And yet, here we are…

    Juba Doobai! in reply to Observer. | January 23, 2014 at 5:42 pm

    They are white. Obama does not want any whites getting asylum or legal status in the USA. How is he going to radically transform America’s demographics if he admits more whites?

    Obama is a vicious, nasty, unChristian man.

    BannedbytheGuardian in reply to Observer. | January 23, 2014 at 6:12 pm

    Technically you would only know if they were law abiding if you had access to their visa applications & airport interview .

    Not that it seems to matter for The Great Undocumented but documents do matter for the documented.

    Their stated intentions & how they matched up with their stay is the legal base for visa extension/ change. In a normal world which would include Canada & Mexico but not the USA . There is that.

MornignSunshine | January 23, 2014 at 1:40 pm

It looks to me like that baby was born since they came here. If that is true, than she is an American citizen, and I thought we could not deport US citizens – or their illegal family members. Turn it right around on the liberals and use their tactics.

    Jazzizhep in reply to MornignSunshine. | January 23, 2014 at 2:58 pm

    I have not heard or read that the family had a child while living in U.S. We don;t really know when the picture was taken.

    But we can deport the illegal alien parents, and the state child protection services can take the kid(s) and put them up for adoption if the parents abandon them (leave without them).

Another Voice | January 23, 2014 at 2:20 pm

Obama’s D.O.J will fiercely oppose any action which would result in the supporting of beliefs held by conservatives of individual liberties over government programing. We are seeing it manifest in Federal governments mandates of Common Core curriculum in K-12 and making Head Start a mandatory program to start before age 5. To give this family religious refuge does not fit into the progressives re-structuring of America. Home schooling is on the same hit list as is Charter Schools.

In his December ruling against the Wunderlich family, judge Marcus Malkmus called homeschooling a “concrete endangerment to the well-being of the child,” comparing it to a “straitjacket” that he said binds children to “years of isolation.”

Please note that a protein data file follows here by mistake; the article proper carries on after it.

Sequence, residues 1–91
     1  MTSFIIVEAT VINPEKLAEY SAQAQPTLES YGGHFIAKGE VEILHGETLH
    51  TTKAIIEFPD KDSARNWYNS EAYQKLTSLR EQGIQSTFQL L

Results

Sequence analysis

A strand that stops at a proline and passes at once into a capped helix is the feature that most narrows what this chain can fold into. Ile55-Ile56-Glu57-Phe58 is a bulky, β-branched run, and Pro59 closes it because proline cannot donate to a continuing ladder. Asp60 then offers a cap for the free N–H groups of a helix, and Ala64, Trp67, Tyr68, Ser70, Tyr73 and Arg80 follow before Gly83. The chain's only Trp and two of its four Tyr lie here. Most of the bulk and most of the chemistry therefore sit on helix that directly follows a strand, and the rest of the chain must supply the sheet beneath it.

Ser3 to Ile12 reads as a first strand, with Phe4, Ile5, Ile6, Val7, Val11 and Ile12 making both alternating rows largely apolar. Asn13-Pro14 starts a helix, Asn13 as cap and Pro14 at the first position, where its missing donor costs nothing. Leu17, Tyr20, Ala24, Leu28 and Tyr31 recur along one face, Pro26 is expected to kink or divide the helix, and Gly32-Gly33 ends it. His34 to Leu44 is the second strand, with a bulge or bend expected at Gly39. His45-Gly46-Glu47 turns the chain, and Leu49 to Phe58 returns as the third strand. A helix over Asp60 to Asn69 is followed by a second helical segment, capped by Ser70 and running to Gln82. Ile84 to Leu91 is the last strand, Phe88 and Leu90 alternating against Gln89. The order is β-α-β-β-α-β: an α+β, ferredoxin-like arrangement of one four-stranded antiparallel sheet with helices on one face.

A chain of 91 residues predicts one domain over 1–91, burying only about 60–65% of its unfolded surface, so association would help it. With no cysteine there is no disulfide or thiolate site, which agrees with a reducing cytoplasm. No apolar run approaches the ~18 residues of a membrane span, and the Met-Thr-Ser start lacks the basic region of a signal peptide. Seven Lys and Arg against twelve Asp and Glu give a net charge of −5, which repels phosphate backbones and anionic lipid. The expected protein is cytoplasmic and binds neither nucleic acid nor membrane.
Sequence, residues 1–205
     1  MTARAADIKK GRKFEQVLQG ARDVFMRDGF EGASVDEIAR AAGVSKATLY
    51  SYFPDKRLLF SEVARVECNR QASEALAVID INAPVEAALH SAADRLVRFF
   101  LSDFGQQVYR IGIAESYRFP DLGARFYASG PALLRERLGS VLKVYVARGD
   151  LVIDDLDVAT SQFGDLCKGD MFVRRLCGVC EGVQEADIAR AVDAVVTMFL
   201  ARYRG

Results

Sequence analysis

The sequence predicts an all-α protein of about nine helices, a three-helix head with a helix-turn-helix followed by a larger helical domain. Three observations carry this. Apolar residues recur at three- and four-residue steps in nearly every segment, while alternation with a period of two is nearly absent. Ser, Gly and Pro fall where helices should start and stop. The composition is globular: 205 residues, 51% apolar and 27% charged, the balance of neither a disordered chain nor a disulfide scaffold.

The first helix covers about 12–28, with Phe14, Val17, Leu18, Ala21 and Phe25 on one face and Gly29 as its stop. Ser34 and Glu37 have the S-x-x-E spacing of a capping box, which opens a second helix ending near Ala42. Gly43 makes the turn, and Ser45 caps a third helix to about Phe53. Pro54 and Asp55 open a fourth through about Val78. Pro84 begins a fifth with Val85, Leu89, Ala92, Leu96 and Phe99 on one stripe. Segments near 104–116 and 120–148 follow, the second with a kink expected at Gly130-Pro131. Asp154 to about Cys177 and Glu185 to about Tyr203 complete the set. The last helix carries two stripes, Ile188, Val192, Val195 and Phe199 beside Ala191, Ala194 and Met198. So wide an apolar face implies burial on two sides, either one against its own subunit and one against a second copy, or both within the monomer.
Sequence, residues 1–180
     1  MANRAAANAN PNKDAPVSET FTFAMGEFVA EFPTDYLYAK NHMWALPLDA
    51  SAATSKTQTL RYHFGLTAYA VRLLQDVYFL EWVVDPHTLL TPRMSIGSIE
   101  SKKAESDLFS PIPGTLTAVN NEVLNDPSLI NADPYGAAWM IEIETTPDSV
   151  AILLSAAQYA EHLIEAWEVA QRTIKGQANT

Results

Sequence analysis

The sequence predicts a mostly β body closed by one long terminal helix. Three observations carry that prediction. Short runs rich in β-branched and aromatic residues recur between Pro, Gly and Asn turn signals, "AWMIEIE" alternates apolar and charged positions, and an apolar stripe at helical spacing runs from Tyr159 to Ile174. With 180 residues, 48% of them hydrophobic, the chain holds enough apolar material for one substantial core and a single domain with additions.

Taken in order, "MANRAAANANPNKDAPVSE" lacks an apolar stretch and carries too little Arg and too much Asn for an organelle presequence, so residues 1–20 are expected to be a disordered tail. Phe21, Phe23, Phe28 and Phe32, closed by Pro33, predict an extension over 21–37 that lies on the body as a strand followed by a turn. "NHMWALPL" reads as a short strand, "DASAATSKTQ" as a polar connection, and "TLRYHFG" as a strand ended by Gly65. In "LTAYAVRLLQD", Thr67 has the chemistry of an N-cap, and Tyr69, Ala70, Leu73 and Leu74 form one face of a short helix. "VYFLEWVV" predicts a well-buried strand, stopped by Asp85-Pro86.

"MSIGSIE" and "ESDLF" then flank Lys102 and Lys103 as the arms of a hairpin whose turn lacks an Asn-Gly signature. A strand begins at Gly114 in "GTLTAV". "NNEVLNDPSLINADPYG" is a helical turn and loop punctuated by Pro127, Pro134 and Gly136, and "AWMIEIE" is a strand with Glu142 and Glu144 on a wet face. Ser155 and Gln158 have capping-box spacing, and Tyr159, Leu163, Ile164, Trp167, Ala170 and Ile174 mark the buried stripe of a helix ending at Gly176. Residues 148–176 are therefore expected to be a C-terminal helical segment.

Oh my God. Oh my God.

My niece took her autistic son out of my and my childrens’ old primary school this year to homeschool him because he wasn’t getting the care and attention he needs.

The teacher showed little compassion for his plight.

The last straw was when my niece went for a walk (the school is across the street from their townhouse) to see how her son was doing during recess. Through the fence she saw other boys pushing him around and laughing because he’s a gentle boy who won’t push back.

He’s a sweet, brilliant little boy often in his own world.

I just ran into my niece the other day at the supermarket.

I’ve never seen her look so tired. She homeschools him during the day and manages a restaurant at night when her husband comes home from work to take care of the children.

The sheer stress and exhaustion they are putting themselves through to make sure their children get the best upbringing and education shows me what a lie a judge labeling homeschooling a “concrete endangerment to the well-being of the child” is.

He hated school. Being autistic, he did not fit in well and was being teased/bullied. He was in a regular class, not a special ed class, but he spent some time every day in the special ed class, too. My niece ascertained quickly that the whole group at the school working with special needs kids was much more interested in funding than actually helping the kids.